Healthy cows are the basis for being productive, whether they are kept for milk or beef production. During the production stage there are several high risk periods that may have high impact on future health and productivity of cattle. How to manage a herd during these high risk periods was therefore the theme of a global ruminant symposium on Health & Management, organised by Phileo Lesaffre Animal Care.
The international event took place on June 1-2 in Toulouse, France and attracted a large audience of ruminant specialists (more than 260 people) from around the globe. Leading experts shared their knowledge in 8 oral presentations on how to best manage dairy and beef herds for optimum health and production.
Setting the stage: rearing calves effectively
The first topic on how to successfully raise dairy calves during the critical preweaning period was covered by Alex Bach from the Icrea research institute in Barcelona, Spain. Bach zoomed in on the importance of feeding calves and heifers properly in order to achieve rapid growth in early life. This may lead to up to 225 kg of additional milk during the first lactation period. Apart from milk or milk replacers in the calves' diet, also solid feed intake is of pivotal importance, according to Bach. In this context, it is moreover recommended to wean calves when they at least consume 2 kilograms of dry feed per day.
Managing and monitoring the transition period of dairy cows
Dairy cows experience a state of negative energy balance during the transition from pregnancy to lactation, when the energy demand of milk production cannot be met by feed intake alone. This will lead to negative health events and lower production figures. Conditions may differ between cows. Apparently, the answer lies in the feeding pattern, prior to calving. Dr Daryl Van Nydam Director, Quality Milk Production Services Animal Health Diagnostic Center, Cornell University, USA found that cows, overfed energy in the dry period, had almost 3 times as many episodes of hyperketonemia in the first 3 weeks postpartum, compared with cows that were fed to meet but not exceed energy requirements. The Cornell researchers recommend individual blood sampling in order to detect the incidence of hyperketonemia. Mild cases can be treated by drenching with propylene glycol. More severe cases may benefit from intravenous dextrose, in addition to propylene glycol.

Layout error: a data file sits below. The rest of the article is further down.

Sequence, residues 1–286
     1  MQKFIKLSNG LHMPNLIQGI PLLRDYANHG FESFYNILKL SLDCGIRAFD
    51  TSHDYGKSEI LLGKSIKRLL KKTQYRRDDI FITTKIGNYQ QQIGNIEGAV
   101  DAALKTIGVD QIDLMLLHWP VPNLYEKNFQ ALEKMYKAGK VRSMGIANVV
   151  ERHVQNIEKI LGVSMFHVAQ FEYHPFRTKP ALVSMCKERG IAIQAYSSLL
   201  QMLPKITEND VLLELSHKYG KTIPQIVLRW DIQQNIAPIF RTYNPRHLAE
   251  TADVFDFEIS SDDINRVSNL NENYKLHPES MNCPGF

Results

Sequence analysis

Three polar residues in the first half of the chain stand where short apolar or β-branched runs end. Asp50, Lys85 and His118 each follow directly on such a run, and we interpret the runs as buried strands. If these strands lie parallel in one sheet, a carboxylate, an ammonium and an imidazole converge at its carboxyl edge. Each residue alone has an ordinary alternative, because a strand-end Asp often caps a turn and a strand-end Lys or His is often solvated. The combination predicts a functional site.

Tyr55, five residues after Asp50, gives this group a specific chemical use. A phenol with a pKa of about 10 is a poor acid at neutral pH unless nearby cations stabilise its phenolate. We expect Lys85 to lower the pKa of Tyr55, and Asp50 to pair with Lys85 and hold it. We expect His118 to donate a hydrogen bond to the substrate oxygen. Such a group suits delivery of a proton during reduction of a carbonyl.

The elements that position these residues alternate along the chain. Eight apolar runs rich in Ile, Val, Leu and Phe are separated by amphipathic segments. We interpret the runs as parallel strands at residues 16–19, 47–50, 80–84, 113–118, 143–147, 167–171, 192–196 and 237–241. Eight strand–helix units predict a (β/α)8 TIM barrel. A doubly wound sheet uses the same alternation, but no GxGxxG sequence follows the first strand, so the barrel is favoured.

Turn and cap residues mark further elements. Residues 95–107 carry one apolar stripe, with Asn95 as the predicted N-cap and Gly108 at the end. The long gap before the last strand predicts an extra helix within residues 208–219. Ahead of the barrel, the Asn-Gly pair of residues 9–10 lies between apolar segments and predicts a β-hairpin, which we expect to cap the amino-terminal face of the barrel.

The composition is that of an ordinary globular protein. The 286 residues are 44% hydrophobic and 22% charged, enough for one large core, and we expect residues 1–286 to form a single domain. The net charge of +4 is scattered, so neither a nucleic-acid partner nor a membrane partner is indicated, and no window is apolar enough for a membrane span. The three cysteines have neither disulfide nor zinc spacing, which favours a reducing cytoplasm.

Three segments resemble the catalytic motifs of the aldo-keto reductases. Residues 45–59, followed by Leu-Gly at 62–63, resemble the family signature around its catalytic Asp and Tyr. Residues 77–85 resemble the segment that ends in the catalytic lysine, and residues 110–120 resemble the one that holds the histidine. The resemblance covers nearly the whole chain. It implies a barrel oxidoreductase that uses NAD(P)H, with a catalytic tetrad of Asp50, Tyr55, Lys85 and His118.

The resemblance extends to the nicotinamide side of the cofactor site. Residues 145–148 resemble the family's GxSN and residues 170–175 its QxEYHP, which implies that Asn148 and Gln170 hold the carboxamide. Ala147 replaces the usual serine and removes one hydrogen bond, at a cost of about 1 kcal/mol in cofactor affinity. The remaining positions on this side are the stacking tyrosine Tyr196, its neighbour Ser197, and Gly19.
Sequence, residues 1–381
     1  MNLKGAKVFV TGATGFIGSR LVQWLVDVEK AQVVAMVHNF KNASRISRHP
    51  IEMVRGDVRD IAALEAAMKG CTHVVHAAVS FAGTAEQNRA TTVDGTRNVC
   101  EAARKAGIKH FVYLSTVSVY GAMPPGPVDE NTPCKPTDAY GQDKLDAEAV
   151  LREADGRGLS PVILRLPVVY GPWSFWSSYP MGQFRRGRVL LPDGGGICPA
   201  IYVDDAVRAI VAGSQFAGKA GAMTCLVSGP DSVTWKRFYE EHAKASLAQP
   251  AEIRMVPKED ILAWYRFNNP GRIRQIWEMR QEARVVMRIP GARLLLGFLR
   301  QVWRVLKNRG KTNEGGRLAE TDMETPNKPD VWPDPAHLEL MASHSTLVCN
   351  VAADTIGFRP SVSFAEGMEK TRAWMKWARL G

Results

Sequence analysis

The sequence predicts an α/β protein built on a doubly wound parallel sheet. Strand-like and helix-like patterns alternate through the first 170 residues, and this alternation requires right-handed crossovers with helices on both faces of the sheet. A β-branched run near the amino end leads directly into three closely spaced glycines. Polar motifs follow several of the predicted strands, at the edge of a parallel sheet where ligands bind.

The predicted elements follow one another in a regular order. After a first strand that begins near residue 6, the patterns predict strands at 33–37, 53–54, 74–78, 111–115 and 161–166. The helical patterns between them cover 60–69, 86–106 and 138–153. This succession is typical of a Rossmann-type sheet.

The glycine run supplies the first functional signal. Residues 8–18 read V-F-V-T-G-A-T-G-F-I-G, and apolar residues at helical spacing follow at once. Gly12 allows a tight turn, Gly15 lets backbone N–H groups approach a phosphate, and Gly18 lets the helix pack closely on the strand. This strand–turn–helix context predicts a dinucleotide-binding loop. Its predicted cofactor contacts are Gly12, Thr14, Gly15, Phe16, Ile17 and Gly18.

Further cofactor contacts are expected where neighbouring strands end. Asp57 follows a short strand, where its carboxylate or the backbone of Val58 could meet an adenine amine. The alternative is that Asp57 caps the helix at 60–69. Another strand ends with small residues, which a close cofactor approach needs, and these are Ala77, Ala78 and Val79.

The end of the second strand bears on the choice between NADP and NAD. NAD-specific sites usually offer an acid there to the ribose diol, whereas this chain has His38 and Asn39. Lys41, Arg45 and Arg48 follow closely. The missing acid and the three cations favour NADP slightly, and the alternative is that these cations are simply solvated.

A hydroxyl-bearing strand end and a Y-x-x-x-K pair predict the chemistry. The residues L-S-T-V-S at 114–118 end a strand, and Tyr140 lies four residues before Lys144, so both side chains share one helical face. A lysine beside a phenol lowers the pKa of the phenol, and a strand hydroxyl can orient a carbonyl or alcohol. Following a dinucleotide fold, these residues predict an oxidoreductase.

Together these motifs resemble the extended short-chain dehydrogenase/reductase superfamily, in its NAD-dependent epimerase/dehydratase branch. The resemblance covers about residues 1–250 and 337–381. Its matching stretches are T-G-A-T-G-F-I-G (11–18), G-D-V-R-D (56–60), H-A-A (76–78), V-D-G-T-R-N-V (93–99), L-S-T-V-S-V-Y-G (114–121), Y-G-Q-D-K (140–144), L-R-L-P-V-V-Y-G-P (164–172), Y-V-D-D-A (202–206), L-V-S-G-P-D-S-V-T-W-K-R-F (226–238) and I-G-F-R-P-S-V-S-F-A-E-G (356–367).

Key factors successful cow's transition